Written with Jerry Ellig.
Chairman Genachowski’s net neutrality announcement today was very short on details. What we learned is that the Chairman plans to buck Congress and the courts in a drive to regulate broadband. He is proceeding against the wishes of hundreds of members of Congress from both parties that have written the FCC demanding that it not adopt net neutrality rules until Congress has an opportunity to review the matter. Also, since he has announced that he will not seek to reclassify broadband as a regulated telecommunications service, he seems to be resisting the D.C. Circuit Court of Appeals, which told the FCC earlier this year that it lacked the authority to regulate broadband.
Genachowski’s remarks gave us only a thumbnail sketch of how the rules he’s advocating the FCC adopt. We don’t know what authority would undergird new rules, and we don’t know what the chairman means when he says that the new rules would prohibit “unreasonable” discrimination of content by service providers. The devil is in those details, and they seemingly won’t be available until the FCC adopts the rules at its December 21st meeting — days before a new Congress is sworn in.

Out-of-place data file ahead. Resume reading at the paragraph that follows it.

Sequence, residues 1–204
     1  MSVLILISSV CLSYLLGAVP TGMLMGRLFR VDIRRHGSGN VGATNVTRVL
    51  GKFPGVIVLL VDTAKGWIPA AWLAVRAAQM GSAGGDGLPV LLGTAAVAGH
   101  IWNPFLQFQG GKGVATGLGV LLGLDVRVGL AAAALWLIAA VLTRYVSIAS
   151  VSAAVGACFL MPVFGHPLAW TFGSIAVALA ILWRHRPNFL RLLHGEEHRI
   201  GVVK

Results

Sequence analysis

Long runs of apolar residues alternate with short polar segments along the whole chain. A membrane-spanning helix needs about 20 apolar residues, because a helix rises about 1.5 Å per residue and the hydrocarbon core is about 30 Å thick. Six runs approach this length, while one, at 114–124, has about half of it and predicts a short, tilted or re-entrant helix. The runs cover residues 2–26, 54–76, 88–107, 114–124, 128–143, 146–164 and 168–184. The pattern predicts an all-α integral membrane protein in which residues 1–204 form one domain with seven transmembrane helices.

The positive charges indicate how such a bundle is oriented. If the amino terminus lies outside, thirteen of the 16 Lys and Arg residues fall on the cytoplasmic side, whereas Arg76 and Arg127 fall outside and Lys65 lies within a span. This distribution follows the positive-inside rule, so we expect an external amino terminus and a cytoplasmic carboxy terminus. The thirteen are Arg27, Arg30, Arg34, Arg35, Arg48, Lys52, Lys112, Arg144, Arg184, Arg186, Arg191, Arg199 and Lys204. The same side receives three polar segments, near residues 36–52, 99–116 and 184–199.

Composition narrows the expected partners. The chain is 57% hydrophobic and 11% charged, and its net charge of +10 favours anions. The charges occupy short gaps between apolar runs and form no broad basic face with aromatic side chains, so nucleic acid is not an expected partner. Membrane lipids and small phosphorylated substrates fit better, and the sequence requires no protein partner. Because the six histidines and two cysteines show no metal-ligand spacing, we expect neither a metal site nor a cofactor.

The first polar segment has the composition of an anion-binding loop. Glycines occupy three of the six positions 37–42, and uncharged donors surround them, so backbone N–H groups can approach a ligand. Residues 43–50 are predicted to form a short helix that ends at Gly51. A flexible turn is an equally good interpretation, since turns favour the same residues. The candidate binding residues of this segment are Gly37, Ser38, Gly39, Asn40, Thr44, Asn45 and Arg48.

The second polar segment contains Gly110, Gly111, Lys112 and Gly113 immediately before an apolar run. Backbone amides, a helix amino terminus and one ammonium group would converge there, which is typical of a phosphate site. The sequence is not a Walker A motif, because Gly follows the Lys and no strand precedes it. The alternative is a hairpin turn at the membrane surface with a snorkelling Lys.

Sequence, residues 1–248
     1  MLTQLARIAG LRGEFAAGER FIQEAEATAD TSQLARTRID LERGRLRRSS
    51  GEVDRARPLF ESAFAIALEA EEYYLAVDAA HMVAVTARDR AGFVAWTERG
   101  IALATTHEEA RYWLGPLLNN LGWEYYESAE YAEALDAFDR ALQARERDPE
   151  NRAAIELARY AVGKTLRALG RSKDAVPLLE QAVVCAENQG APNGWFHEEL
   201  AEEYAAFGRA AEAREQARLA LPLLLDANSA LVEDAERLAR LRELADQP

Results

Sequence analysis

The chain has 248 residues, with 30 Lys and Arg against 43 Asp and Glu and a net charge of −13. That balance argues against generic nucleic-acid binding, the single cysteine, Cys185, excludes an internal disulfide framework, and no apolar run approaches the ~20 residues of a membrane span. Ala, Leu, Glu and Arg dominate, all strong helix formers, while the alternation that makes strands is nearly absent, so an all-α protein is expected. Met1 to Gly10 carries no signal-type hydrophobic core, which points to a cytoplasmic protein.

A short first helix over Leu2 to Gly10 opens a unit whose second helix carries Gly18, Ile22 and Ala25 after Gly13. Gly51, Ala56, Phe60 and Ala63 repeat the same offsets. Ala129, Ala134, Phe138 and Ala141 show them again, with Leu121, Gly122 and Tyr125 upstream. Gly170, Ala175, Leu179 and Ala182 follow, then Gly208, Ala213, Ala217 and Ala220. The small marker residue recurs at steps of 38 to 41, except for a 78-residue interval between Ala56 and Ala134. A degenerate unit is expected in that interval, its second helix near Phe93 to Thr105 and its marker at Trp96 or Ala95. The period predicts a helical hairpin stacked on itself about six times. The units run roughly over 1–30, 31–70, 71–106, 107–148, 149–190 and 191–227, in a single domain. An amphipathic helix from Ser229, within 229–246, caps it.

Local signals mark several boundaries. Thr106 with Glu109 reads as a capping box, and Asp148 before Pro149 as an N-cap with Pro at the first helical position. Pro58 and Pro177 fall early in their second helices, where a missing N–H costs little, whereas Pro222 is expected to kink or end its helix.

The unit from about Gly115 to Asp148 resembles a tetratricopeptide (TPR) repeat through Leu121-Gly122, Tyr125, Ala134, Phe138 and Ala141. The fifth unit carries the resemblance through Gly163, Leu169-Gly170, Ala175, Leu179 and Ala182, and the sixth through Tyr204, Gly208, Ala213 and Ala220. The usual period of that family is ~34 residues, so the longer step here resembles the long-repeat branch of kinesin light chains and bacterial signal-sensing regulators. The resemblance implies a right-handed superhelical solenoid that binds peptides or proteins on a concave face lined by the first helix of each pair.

While taking reclassification off the table is a welcome compromise from the chairman, we don’t understand the rush to action. Why the midnight announcement last night? Why the limited announcement today? Why not allow the new Congress to take up the matter?
Having chosen to act, however, it’s “put up or shut up” time. Chairman Genachowski said the broadband providers have incentives to act as gatekeepers to the Internet and have prevented consumers from using the applications of their choice in the past. But it takes more than these assertions to justify a new regulation. Any net neutrality order needs to offer a coherent, logical theory that explains why broadband providers face systematic incentives to act in non-neutral ways that have no offsetting consumer benefits. And it needs to back up that theory with rigorous empirical evidence that proves a widespread problem exists — not just a repetition of the same handful of anecdotes about bad actors.
It’s heartening to see that Chairman Genachoswki believes wireless broadband is at a different stage in its development and should be treated differently from landline broadband. But insisting that wireless is too different invites a sleight of hand trick that would allow the FCC to claim that broadband faces insufficient competition because wireless doesn’t count. The commission has already done this in its National Broadband Plan, which dismisses third generation wireless as a competitor because it allegedly isn’t fast enough. This stacks the deck in favor of regulation by making it easier to claim that wireline broadband doesn’t face enough competition.